• Katana February 7, 2013, 6:42 pm

    One thing I love is a bulk food store. If a bag of sugar is looking expensive, you can often buy near exactly what you need at a bulk store. Sometimes they have single items of things usually bought in bigger boxes, like single tea bags. Sometimes it’s a cheaper way of getting just what you need. I also find the dollar store has most kitchen widgets, or if you know someone who goes out, sometimes they can give you some plastic cutlery and the like. While it may not be advisable to try and cut some veggies with a plastic butterknife, at least you can mix things this way. If you have some patience and a chocolate sale, some chocolate treats may be a thing to try, tinfoil or parchment pending. Since body melts at body temperature, keep a bag of it (check for holes!) on your lap and the chocolate should melt from body heat. I used to get dollar store gummies, dip them partially in the chocolate, shake briefly to get it smooth, and let set.

    Hope this helps someone.

  • Angela February 8, 2013, 7:32 am

    I had a young single friend just starting out when my daughter was very young. My husband and I had her over for dinner often and she would come early and keep my daughter occupied while we cooked. It worked great. Sadly she moved for a new job…. That situation isn’t exactly what you’re describing but the point is that there are many ways to help, not all of which cost money. Cleaning up, coming a little early to set up, running a couple of errands and so on is a gift of TIME to your host, and most of us could use all the time we can get.

  • Anonymous February 8, 2013, 3:39 pm

    By the way, OP, I forgot to ask, do you socialize with these friends in any other capacity besides potlucks? When I suggested all the “free” activities I enjoyed in university (music department concerts, the art gallery, the gym/pool/skating rink, snowball fights/snow sculpture building, Frisbee, hacky sack, random sing-alongs with whoever happened to bring a guitar, movies in people’s rooms, “communal casseroles” made from the dregs of people’s refrigerators, and then cooked and eaten together, plus whatever events the R.A.’s organized), I guess I kind of assumed that you hadn’t thought of that already, so I’m sorry about that.

  • Angel February 8, 2013, 4:36 pm

    I surely believe the OP when she says she doesn’t have a lot of extra $ to spend. When you are in college $10 or sometimes even $5 can be a lot! I couldn’t imagine that your friends would be concerned or keeping score of how much you contribute to a pot luck. There is nothing wrong with taking chips and soda. Those kinds of things you can ask your parents to take you to one of those big box stores and store them in your dorm room for when you need them. Or paper products. But even if you have nothing to bring there’s no reason why you should have to stay home. If they are really your friends they understand your situation.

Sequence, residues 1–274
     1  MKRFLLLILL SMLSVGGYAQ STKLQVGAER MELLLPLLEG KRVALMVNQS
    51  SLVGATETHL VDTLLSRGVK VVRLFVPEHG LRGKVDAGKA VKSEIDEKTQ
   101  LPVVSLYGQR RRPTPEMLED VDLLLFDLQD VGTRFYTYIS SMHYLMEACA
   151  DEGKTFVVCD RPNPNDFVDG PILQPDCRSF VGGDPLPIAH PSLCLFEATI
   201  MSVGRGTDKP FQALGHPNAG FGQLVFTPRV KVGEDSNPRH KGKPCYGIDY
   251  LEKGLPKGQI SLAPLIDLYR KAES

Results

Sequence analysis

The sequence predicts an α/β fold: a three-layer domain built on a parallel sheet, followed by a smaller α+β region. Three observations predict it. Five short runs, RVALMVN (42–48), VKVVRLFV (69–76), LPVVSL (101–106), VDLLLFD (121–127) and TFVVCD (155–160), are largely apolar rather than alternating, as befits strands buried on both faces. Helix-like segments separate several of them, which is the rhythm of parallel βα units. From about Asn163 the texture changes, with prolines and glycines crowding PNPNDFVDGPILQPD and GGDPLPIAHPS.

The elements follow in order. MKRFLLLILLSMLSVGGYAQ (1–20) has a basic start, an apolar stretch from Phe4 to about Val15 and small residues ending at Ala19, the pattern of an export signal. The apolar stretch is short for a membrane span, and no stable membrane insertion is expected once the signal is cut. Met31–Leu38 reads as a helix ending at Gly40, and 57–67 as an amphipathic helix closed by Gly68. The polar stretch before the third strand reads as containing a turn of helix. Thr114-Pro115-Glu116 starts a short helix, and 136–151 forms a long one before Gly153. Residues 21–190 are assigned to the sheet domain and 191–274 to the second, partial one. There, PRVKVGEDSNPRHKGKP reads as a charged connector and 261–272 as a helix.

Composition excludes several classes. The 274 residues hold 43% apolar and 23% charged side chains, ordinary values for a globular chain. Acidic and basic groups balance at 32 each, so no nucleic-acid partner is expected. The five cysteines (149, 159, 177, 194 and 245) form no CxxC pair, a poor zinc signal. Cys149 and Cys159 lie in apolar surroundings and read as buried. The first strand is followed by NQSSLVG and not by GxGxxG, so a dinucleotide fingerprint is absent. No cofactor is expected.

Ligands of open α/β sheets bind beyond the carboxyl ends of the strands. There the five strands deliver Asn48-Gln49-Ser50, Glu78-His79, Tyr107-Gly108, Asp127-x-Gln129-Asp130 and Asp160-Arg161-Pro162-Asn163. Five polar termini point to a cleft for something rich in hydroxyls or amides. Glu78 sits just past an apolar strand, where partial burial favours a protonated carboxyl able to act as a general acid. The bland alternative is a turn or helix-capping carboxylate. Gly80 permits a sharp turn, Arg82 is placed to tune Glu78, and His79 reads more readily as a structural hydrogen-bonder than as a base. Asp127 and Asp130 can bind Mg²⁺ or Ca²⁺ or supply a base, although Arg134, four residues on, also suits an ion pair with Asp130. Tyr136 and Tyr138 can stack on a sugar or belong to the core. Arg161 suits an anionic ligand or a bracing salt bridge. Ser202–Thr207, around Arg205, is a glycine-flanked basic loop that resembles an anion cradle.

• Anonymous February 8, 2013, 9:51 pm

    @Angel–If I were the OP, and I was stocking up on “potluck stuff” during school breaks, I think I’d go for the paper products instead of pop and chips, because there’s always that inevitable evening when you’re studying, and you get hungry, or you’re watching a movie (alone or with friends), or you’re bummed out about something and you need junk food to make it better, and “chips would SO rock right now,” and you don’t want to walk to the dining hall/variety mart/whatever, because it’s 10 p.m. in the dead of winter. Enough of those evenings, and your stash is depleted, and with Murphy’s Law being what it is, that’s probably about the time another potluck invitation will arrive. Paper plates, not being edible, don’t have the tendency to “evaporate” like that.

  • Schnickelfritz February 9, 2013, 11:53 am

    Avery, you have no idea that yes, $5 or $9 is a big deal to many students. Have you never scrounged for change just to run a washing machine, or gas, or toothpaste, tampons etc? You haven’t lived if you have never had to go through that stage in life! It is almost a right of passage, and I can hardly think of anyone, crossing over to being independent of their parents, that did not ever have to scrounge for change, even if fully employed. It is part of the learning to manage your money, and learning to stretch to the next paycheck. There is that pride in not asking for continued hand-outs from your parents, so you eat mac and cheese or tomato soup for a few days.

    My favorite idea submitted here – when you are home with your parents, or when you get a decent paycheck or gift of money, buy a few jars of peanuts to stash away for the pot luck.

    As an aside, one trick I have learned for recipes calling for black olives, chopped red onion, tablespoons of shredded cheese, feta cheese, pimento, etc… go to the grocery store salad bar! You can buy the exact small portions of what you need, for merely a dollar or so, once weighed, instead of buying jars of stuff you may never use again before expiration. This has saved me so many times. when I want a special recipe but can’t afford all the ingredients. Or you can buy the small container of macaroni or potato salad, and garnish with something from the salad bar, or make dip with sour cream or whatever (I am not a big fan of dips, but most people are). Sour cream is often on sale for about $1.00 around here – go to the salad bar and buy something to add to it. For about $2 -$3 you can make something really nice.

    I think a great gift for a student, would be a pack of those colored bowls and stainless serving utinsels from the Dollar store. Make a “party” basket and add some of the suggestions in the above posts. I buy those, and the serving spoons, to take to picnics. I leave them – I hate wanting to leave an open house pot luck, but my dish and spoon are still in use. I just leave the Dollar store products and I don’t have to re-dish to a styrofoam plate just to take my stoneware dish home.